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Biden Pardons Marijuana Offenses

The President pardoned all those convicted of simple marijuana possession under federal law.



On October 6th, President Joe Biden granted pardons to all individuals currently serving federal prison sentences for simple marijuana possession convictions, according to politico.com. The President also strongly encouraged governors to follow his lead and take similar action against state offenses of civil possession of cannabis.


The pardons will only apply to those convicted on federal charges for simple possession going back to the 1970s when it became a crime. A complete data set is not currently available, but officials estimate that 6,500 people were convicted of possession between 1992 and 2021. People sentenced under District of Columbia laws will also be granted clemency. That number will also be in the thousands.


In a statement, the President shared, "Sending people to prison for possessing marijuana has upended too many lives and incarcerated people for conduct that many states no longer prohibit. Criminal records for marijuana possession have also imposed needless barriers to employment, housing, and educational opportunities. And while white and Black and brown people use marijuana at similar rates, Black and brown people have been arrested, prosecuted, and convicted at disproportionate rates."


"Sending people to prison for possessing marijuana has upended too many lives and incarcerated people for conduct that many states no longer prohibit. Criminal records for marijuana possession have also imposed needless barriers to employment, housing, and educational opportunities. And while white and Black and brown people use marijuana at similar rates, Black and brown people have been arrested, prosecuted, and convicted at disproportionate rates."

- U.S. President Joe Biden


Biden also asked the Secretary of Health and Human Services and the Attorney General to "expeditiously" review marijuana scheduling under federal law. It is currently a Schedule I narcotic, which means it allegedly has no medical use and a high potential for abuse.


According to Administration officials, Biden believes marijuana should be rescheduled to a Schedule II drug, making it easier to study. He is also advocating for medical marijuana to be legalized at the federal level and to decriminalize all minor possession offenses.


The President's action on this issue represents a fundamental shift in America's policies concerning marijuana. And with less than a month before the midterm elections, it could provide a powerful surge of Democratic voter interest and action come this November.


To many experts, the move is nothing short of remarkable for Biden, considering he helped author some of America's strictest drug laws, which ostensibly led to the current level of incarceration. Biden was also the only Democratic presidential candidate who did not support federal descheduling during the 2020 campaign, a process that would essentially make marijuana legal at the federal level.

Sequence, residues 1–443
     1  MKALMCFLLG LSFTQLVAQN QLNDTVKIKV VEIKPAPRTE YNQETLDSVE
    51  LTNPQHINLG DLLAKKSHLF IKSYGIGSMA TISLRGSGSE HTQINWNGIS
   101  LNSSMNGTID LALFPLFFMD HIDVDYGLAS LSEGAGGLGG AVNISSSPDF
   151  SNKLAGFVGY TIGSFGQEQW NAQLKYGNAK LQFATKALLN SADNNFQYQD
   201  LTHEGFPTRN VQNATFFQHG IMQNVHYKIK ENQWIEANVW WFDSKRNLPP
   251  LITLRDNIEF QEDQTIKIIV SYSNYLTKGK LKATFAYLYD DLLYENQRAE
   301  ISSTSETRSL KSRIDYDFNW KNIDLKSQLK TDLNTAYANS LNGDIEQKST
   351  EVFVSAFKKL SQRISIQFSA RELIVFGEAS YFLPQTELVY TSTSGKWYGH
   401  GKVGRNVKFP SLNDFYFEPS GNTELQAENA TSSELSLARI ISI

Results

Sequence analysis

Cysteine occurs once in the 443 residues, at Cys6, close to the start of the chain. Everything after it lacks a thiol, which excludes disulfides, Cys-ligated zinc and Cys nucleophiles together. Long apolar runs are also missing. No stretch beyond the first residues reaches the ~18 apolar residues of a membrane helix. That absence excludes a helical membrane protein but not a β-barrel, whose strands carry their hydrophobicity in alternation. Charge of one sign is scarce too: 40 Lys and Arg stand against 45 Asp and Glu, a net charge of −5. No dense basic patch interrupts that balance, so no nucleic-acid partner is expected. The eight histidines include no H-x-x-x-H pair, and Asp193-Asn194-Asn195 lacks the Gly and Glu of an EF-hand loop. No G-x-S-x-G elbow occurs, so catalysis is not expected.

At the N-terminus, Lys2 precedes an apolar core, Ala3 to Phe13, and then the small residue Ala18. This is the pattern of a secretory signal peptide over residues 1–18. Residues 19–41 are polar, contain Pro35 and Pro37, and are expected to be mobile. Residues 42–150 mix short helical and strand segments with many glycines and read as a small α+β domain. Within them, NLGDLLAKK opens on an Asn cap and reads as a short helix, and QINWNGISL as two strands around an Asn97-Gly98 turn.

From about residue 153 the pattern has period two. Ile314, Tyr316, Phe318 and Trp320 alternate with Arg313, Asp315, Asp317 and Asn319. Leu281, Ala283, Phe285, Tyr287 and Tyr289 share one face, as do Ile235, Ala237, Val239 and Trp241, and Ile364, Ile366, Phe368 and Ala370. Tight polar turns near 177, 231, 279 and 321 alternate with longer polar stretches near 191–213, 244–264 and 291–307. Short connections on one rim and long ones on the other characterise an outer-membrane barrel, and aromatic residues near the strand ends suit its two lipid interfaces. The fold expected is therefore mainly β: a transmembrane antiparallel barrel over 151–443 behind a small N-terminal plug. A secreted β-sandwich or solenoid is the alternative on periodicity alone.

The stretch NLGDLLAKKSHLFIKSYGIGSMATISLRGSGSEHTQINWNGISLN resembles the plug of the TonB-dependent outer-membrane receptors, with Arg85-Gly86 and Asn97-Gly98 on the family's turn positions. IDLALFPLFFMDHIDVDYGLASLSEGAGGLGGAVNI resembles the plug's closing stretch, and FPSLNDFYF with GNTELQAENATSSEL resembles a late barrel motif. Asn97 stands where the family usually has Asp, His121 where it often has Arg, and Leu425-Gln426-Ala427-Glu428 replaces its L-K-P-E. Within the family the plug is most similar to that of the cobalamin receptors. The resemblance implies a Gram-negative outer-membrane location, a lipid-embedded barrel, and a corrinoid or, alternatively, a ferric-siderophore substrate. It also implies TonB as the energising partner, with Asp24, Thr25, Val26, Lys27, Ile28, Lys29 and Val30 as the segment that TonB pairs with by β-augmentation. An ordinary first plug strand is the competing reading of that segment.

However, despite this significant change in philosophy on the part of the Administration, many advocates still feel the President and Congress should continue to push toward a full federal descheduling of a plant currently legal in 37 states and the District of Columbia for medical use and 19 states for recreational adult use.


As a spokesperson for the Drug Policy Alliance, which advocates for the legalization of all drugs, shares, "Keeping marijuana on the federal drug schedule will mean people will continue to face criminal charges for marijuana. It also means that research will continue to be inhibited, and state-level markets will be at odds with federal law."


"Keeping marijuana on the federal drug schedule will mean people will continue to face criminal charges for marijuana. It also means that research will continue to be inhibited, and state-level markets will be at odds with federal law."

- Drug Policy Alliance


Even many Biden allies, though encouraged by the actions taken on Thursday, want to see bolder steps on the part of the President.


Senator Ron Wyden (D) of Oregon released a statement saying, "A review by HHS of how cannabis is scheduled is welcome, but those of us who have been advocating for reform already know that a comprehensive federal solution is needed."


"A review by HHS of how cannabis is scheduled is welcome, but those of us who have been advocating for reform already know that a comprehensive federal solution is needed."

- U.S. Senator Ron Wyden (D-Ore.)


The question of full federal legalization of marijuana has become a central issue for many Americans headed to the polls this upcoming election. Poll after poll consistently indicates that a majority of Americans support marijuana legalization.


And with another five states - Missouri, Arkansas, North and South Dakota, and Maryland - voting on legalizing recreational cannabis, it is clear that Americans are ready to settle the matter of nationwide legalization once and for all.


The President has taken decisive action on his part, and it is now up to the remaining states, where cannabis is still illegal, and Congress to fulfill the ever-growing mandate of a nation clearly ready to go totally "green" from sea to shining sea.



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